Janet Yellen’s first press conference as Federal Reserve chair was “hardly a resounding success”, says Paul R La Monica on Buzz.money.cnn.com. She managed to wipe 1% off the S&P 500 and send Treasury yields sharply higher.
The Fed has said that it would keep interest rates at historic lows for “a considerable period” after it finished winding down its quantitative easing programme. Asked what that meant at the press conference, Yellen said “around six months or that type of thing”.
This is hardly earth shattering, you would think, but it implied that interest rates could rise as soon as next spring, several months before the markets had pencilled in the first hike. And even though Yellen reaffirmed that rate hikes depend on “what conditions were like”, the market remained fixated on six months.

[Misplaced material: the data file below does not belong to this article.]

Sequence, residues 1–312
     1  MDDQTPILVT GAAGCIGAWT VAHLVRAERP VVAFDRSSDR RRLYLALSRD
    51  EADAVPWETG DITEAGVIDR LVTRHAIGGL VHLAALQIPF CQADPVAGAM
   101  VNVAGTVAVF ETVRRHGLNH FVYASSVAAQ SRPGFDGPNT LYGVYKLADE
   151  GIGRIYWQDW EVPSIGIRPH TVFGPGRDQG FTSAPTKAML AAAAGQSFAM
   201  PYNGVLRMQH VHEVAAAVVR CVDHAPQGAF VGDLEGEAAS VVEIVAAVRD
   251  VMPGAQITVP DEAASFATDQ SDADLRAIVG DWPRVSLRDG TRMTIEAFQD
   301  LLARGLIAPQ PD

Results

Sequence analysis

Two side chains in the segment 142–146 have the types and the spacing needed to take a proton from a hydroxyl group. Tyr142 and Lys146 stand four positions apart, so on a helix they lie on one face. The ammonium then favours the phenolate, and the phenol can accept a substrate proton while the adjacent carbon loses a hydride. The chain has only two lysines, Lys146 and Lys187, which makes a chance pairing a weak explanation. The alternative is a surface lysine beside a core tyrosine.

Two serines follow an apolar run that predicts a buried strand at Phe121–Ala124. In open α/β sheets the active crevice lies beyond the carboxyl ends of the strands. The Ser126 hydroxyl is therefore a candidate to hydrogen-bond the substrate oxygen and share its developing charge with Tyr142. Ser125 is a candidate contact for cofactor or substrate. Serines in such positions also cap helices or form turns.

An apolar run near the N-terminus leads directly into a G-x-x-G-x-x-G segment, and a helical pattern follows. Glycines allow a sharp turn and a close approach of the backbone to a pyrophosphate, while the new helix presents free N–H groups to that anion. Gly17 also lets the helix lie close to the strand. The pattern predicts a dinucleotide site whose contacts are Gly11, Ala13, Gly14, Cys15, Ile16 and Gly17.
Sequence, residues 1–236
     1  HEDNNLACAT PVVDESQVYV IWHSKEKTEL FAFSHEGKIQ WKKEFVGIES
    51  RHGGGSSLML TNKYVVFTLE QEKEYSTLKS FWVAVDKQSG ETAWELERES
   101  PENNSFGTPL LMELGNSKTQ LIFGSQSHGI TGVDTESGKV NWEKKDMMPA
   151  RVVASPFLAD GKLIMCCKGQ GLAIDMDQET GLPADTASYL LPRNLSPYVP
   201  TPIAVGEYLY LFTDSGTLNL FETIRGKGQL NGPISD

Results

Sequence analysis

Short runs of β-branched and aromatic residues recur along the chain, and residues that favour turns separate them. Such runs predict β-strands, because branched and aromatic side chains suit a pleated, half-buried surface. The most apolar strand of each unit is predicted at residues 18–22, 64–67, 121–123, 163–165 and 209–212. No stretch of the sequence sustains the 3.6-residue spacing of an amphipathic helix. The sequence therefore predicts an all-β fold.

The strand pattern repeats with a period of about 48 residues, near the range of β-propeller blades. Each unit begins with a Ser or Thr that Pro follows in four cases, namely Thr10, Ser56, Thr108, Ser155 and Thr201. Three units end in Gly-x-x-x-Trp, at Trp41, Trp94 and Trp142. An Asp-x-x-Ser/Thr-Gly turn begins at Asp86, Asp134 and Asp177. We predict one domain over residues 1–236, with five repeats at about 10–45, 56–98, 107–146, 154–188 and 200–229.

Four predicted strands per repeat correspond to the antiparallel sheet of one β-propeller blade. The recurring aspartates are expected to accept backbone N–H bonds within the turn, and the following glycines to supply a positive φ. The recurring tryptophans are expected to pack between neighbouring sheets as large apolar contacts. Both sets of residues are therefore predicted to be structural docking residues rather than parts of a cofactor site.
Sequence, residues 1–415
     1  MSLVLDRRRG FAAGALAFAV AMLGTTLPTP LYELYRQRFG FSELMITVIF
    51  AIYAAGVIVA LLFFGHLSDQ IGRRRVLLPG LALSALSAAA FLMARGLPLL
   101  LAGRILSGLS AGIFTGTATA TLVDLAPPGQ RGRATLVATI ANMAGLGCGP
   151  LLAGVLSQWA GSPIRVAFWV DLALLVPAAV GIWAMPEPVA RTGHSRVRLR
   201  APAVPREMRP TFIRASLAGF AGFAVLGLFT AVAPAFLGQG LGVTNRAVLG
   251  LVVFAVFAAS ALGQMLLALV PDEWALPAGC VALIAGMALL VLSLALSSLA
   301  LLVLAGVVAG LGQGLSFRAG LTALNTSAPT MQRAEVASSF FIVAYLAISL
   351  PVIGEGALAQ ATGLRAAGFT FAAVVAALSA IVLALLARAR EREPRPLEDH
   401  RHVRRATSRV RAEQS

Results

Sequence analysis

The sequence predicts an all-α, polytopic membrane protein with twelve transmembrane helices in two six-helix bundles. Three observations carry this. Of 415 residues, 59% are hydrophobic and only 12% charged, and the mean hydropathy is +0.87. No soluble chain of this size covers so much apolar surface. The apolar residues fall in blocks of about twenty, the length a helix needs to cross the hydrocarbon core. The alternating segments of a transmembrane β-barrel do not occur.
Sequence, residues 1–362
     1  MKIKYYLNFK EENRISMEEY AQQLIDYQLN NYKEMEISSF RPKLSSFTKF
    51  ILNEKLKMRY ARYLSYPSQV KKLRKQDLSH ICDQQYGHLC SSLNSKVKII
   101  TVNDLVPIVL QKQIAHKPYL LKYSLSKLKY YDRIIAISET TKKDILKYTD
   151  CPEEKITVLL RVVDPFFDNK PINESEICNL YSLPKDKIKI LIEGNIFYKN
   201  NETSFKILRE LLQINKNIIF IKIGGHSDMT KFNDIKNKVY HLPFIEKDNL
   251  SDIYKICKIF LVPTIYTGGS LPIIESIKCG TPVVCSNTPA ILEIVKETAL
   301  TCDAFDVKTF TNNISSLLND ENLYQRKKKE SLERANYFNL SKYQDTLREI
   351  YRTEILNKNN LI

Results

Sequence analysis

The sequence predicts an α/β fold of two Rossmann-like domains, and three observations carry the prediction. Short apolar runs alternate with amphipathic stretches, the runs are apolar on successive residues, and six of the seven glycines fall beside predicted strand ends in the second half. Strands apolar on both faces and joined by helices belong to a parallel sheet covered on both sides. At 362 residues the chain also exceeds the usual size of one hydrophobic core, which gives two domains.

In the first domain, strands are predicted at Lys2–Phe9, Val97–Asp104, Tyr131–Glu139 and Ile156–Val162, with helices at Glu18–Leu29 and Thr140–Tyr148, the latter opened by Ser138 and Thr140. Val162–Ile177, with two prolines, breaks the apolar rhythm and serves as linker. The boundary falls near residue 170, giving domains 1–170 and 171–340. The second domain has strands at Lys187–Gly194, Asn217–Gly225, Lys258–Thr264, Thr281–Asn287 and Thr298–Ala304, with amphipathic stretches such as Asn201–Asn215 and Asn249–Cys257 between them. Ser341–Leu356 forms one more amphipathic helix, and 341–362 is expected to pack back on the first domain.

Even before this, “the markets were in a tizzy” over unexpectedly early potential tightening, says Randall W Forsyth in Barron’s. A Fed committee chart projecting levels of interest rates revealed a slight uptick, with the main rate seen at 1% for end-2015 from 0.75%.
But all of this is really a fuss about nothing. Yellen repeatedly said the Fed’s overall intentions haven’t changed and suggested that the central bank as a whole supports a more dovish policy than the interest rate projections imply.
So rates are still unlikely to rise before the second half of 2015, says Robin Harding in the FT. After mulling things over, investors seemed to come to the same conclusion late last week, and made up for lost time.